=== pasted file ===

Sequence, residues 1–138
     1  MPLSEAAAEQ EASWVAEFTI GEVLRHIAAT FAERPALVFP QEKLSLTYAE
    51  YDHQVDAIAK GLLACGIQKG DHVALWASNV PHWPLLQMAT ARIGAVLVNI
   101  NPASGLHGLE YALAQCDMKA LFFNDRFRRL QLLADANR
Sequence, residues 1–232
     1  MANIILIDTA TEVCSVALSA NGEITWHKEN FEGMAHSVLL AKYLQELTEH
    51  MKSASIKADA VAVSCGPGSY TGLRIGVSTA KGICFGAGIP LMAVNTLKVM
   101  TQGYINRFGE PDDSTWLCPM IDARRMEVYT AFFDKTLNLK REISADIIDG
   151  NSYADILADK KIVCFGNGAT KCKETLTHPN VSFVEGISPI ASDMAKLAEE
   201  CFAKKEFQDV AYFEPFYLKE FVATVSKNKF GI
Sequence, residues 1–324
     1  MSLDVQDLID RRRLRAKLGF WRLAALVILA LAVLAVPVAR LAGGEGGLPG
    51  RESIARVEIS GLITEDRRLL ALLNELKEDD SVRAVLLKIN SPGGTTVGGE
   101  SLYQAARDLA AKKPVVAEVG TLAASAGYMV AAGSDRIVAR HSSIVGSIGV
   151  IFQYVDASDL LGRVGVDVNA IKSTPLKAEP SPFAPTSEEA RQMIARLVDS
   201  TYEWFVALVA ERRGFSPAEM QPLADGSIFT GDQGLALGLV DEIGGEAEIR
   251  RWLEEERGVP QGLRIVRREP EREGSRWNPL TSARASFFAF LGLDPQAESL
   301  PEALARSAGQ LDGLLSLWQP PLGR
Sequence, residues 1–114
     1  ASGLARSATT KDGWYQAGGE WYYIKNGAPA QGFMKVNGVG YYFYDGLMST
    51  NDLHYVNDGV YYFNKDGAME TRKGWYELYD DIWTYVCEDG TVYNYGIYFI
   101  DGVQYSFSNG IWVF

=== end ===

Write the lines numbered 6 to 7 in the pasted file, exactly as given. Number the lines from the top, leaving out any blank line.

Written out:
     1  MANIILIDTA TEVCSVALSA NGEITWHKEN FEGMAHSVLL AKYLQELTEH
    51  MKSASIKADA VAVSCGPGSY TGLRIGVSTA KGICFGAGIP LMAVNTLKVM